Environmental Impacts of Human Domination of the Global Nitrogen Cycle

Session Date: 
May 13, 2022

Humans now annually add more biologically available nitrogen to the Earth’s land surfaces than do all natural processes. For 3 billion years, available nitrogen had been the major limiting currency for life on Earth. The recent human disruption of the global nitrogen cycle is causing major environmental harm, including water and air pollution, marine dead zones, 10% of global greenhouse gas emissions, and species extinctions. Three major ways to solve this nitrogen problem are (1) much more efficient global use of nitrogen fertilizers; (2) shifts to lower-meat and healthier diets; and (3) halting the conversion of food crops into biofuels, such as US corn ethanol used for transport.

Nitrogen, carbon, hydrogen and oxygen are essential elements for all forms of life on Earth. Ever since the earliest emergence of life 3 billion years ago, nitrogen – which is required to make proteins – has been the most limiting of these elements. However, new methods of agriculture, that began with the Green Revolution in the 1960’s and have been massively expanding ever since, now add more nitrogen to terrestrial ecosystems than all natural processes combined. The resulting nitrogen pollution has highly detrimental environmental impacts.

Although nitrogen is 78% of the atmosphere, N2 gas is an incredibly stable compound because of the amount of energy needed to break the triple bond that holds the two N molecules together. For about a billion years, lightening was the major way that this N – N bond was broken to create the biologically available forms of nitrogen that all plants require. The evolution of nitrogen-fixing cyanobacteria and the later evolution of nitrogen-fixing land plants, such as legumes, contributed to increased availability of nitrogen for land plants, thus allowing the emergence Earth’s forests, grasslands and savannas. For millennia, all natural processes have tended to release a total of about 150 Tg/yr of biologically available nitrogen into Earth’s land ecosystems via lightening and natural legume fixation (10 Tg/yr and 140 Tg/yr, respectively). Mainly because of the massive intensification of global agriculture since 1960, human actions now release an additional 210 Tg of available N. In particular, in 2021 global agriculture used 115 Tg of nitrogen fertilizer, added 40 Tg more from legume crops, 20 Tg more came from fossil fuel combustion and 35 Tg more from land clearing and tilling of soils.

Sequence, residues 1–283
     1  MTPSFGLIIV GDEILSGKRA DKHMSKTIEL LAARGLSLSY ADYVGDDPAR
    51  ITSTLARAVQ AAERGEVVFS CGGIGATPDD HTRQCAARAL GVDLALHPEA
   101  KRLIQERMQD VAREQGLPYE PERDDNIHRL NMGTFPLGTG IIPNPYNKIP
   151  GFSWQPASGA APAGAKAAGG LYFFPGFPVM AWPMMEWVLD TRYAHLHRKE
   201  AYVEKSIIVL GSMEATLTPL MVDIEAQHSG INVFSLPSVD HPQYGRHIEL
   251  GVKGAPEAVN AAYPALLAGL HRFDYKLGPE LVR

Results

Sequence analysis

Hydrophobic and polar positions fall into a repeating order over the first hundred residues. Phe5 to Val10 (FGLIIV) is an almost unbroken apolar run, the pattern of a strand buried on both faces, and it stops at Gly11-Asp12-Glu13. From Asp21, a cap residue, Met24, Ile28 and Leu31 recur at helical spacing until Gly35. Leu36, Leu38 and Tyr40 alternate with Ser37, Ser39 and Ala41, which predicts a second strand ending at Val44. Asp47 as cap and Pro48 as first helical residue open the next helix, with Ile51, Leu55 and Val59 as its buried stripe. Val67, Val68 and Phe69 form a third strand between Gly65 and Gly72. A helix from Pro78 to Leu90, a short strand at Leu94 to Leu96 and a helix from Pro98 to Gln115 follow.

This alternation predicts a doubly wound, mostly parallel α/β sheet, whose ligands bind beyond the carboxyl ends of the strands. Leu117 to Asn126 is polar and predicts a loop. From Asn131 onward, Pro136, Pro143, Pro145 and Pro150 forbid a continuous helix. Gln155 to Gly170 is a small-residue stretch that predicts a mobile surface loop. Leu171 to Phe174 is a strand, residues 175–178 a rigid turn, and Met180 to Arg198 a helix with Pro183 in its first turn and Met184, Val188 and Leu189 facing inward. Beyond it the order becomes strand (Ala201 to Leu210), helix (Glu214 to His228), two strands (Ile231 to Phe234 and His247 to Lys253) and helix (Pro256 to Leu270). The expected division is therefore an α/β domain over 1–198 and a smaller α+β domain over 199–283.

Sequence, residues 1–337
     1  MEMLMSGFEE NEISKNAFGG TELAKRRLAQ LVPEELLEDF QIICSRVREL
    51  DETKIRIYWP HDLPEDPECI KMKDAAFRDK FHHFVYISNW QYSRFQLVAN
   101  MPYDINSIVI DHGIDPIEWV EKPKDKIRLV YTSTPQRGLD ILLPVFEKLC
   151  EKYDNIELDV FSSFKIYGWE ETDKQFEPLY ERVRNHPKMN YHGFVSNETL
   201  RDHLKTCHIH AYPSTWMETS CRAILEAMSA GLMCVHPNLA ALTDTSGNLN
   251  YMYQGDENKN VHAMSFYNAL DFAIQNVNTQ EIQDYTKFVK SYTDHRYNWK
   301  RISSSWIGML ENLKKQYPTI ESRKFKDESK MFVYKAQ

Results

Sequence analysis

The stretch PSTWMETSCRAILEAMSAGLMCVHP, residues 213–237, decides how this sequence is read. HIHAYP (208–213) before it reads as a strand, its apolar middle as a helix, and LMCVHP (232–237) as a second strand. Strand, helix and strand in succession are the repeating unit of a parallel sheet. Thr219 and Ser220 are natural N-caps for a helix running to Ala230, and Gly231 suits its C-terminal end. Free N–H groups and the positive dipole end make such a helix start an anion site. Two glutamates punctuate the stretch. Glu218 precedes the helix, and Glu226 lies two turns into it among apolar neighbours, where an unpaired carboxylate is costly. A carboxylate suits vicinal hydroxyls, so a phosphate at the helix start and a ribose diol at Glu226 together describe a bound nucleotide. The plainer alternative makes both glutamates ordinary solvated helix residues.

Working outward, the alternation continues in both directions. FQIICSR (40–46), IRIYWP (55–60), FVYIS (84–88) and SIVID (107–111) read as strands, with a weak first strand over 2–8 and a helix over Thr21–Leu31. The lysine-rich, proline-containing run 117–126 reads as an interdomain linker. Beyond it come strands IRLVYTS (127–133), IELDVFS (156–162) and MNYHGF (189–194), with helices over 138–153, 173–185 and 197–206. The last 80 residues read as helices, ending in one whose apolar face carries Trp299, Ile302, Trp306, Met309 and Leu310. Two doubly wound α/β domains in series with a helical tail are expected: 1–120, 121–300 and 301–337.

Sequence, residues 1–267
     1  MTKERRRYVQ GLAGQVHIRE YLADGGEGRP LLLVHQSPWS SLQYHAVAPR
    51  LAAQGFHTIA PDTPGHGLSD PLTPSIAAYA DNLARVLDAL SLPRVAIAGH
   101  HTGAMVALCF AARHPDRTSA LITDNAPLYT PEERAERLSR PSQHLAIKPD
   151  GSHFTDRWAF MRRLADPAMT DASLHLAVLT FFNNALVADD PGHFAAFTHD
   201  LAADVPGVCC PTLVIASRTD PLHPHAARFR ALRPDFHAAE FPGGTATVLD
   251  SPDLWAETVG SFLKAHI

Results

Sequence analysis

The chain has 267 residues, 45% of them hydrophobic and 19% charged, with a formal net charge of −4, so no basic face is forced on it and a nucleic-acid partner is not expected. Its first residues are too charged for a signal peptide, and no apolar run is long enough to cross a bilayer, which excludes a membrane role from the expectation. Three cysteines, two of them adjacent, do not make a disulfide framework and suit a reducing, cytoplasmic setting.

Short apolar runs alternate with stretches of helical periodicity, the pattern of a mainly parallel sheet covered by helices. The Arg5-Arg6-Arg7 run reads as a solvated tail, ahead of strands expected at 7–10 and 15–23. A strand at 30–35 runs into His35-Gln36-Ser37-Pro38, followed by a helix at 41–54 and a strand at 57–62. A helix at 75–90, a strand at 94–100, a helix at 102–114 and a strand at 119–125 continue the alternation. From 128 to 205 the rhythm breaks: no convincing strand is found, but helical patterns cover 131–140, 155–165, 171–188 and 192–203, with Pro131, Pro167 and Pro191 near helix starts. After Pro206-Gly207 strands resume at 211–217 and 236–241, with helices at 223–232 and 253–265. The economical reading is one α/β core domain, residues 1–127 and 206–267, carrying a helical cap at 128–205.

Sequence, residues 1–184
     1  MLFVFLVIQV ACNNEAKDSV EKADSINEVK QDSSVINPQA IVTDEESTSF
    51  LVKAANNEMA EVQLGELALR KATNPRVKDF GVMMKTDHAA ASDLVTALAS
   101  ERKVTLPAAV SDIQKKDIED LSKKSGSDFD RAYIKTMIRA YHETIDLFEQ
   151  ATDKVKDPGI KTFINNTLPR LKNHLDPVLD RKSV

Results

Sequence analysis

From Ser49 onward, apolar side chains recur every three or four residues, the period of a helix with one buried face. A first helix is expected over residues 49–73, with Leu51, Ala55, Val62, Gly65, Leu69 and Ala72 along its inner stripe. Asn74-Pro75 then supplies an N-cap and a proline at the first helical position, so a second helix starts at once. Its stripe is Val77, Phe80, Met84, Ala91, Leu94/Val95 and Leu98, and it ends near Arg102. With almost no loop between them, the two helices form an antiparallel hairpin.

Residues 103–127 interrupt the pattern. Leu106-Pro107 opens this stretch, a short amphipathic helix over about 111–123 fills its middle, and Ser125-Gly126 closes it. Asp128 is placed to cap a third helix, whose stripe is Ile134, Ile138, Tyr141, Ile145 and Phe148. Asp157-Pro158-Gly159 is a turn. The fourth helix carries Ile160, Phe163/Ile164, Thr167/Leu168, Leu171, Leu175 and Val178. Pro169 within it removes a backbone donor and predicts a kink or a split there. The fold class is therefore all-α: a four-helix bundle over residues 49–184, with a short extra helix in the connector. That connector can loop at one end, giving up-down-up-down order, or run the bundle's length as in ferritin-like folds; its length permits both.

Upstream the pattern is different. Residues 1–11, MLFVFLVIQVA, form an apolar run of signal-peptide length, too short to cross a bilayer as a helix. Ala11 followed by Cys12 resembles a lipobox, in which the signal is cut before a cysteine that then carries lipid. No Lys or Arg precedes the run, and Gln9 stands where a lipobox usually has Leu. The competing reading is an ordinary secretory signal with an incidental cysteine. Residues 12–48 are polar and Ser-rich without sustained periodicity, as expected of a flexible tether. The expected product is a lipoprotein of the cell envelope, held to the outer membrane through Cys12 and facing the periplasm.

Human domination of the global nitrogen cycle has three major environmental impacts: greenhouse gas emissions; water and air pollution; species extinctions.

  • Soil microbes convert about 1% of nitrogen fertilizer into nitrous oxide, a greenhouse gas that is 300-times more potent than carbon dioxide. This agricultural emission represents about 10% of the global sum of all greenhouse gas emissions.
  • Nitrate and nitrite pollution of streams, rivers, and lakes can cause blooms of often toxic cyanobacteria that have made major water supplies in numerous countries undrinkable. These algal blooms also harm freshwater fisheries and reduce the recreational value of freshwater ecosystems. Pollution of groundwaters with nitrite and nitrate from fertilized croplands can cause blue-baby syndrome and make once-healthy well waters become unsuited for human consumption.
  • Runoff of available nitrogen from farms is carried to the oceans by most major rivers, and often kills all fish in huge nearshore areas, creating large marine “dead zones.”
  • Recent research has shown that ammonia from both nitrogen fertilization and livestock operations dissolves into the atmosphere, creating nucleating sites that generate tiny health-harming particulate matter called PM2.5. In the US alone, these agricultural air emissions cause about 20,000 excess deaths per year from lung and heart diseases.
  • Agricultural nitrogen pollution is a major cause of species extinctions. For instance, for animals that live in freshwaters, including amphibians and fish, water pollution is often their greatest extinction risk. Atmospheric deposition of biologically available nitrogen of agricultural origin onto terrestrial ecosystems a major threat to plant species. Most plant species have a series of evolved traits that make them good competitors for soil nitrogen. However, when nitrogen deposition make a different soil nutrient, such as calcium or phosphate become limiting, plants are nitrogen-efficient lose out in competition and can be driven locally extinct by the few species that are strong competitors for calcium or phosphate.
File 2022_05_13_08_Tilman.mp4841.2 MB